New answers tagged juice
I just made my morning glass of juice using the golf ball sized "baby guavas" from Mexico. I used a centrifugal juicer from Breville on speed level 3 and just washed the whole guava. I threw 1 guava into the juicer whole along with 1 peeled tangelo, 1 peeled naval orange and 1 whole Granny Smith apple. The juice is delicious and a beautiful colour of yellow ...
Since the question as it is written asks for speed, one of the devices mentioned above will definitely fit that bill. Especially if you are processing a large amount of citrus. Me personally, I'm not a huge fan of uni-taskers in the kitchen. Thus, I generally opt to: Roll the fruit in all directions while still whole. Apply a decent amount of pressure. ...
Tim Ferris in 4-Hour Chef quotes Chef Jeffrey Zurofsky: "make sure you roll them out by hand first. You'll get twice as much juice." This should work regardless of the device used to aid with the juicing. I'm personally not a fan of the crushing devices as they tend to break the seeds which release bitterness. The rotating citrus juicers (electric or ...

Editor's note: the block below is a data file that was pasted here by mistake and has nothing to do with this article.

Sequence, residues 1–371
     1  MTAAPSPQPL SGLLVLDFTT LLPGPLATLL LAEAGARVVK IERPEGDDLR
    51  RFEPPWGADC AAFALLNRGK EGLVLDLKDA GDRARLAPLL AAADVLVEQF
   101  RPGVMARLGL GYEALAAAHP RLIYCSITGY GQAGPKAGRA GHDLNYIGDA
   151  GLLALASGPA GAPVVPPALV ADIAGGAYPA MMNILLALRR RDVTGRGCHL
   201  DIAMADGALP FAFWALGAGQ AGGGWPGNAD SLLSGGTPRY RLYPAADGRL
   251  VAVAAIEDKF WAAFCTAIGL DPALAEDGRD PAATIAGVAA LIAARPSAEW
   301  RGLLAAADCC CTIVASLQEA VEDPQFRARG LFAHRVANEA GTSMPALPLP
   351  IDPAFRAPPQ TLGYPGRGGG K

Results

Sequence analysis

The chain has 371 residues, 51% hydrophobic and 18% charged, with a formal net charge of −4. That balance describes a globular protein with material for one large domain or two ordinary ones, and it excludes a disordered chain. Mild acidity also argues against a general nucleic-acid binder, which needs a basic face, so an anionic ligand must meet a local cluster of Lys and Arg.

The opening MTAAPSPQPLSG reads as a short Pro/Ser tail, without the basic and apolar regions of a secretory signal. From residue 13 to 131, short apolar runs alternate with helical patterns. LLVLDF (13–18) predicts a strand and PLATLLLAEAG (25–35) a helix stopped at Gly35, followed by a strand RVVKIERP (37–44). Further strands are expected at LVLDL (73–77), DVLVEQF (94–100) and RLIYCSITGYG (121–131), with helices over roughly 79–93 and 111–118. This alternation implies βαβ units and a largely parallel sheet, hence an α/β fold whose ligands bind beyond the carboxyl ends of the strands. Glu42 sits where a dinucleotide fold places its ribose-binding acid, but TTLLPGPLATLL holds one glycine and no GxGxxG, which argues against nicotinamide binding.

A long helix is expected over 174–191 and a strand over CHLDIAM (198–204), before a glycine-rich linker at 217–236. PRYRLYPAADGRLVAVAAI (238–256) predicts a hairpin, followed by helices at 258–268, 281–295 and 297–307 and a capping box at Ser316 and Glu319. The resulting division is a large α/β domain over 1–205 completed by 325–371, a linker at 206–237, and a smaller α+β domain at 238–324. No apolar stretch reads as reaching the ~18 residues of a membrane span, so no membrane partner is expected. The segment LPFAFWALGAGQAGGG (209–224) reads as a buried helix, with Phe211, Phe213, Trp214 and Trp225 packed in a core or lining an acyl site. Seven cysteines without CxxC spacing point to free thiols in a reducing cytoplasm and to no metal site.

For making large amounts of margarita, I've found it hard to beat a press like this one: It extracts almost all the juice in one easy movement. I don't see the benefit in a rotary juicer.
Short of using an electric juicer, the squeeze press type of juicer is very popular for doing large quantities of citrus quickly and efficiently. They are both fast, and squeeze almost all of the available juice, getting the best of both worlds. These come in sizes that are best for limes, lemons, oranges, or even grapefruits.
For a large quantity of juice, buy a simple electric juicer. I doesn't have to be a large fancy machine. I use one to juice the many grapefruit from my tree. This link might help: http://canvasli.com/citrus-juicers/best-citrus-juicer-reviews/ For a smaller amount, say for a recipe, I use a wooden citrus reamer. Do a Google image search and you'll see what ...
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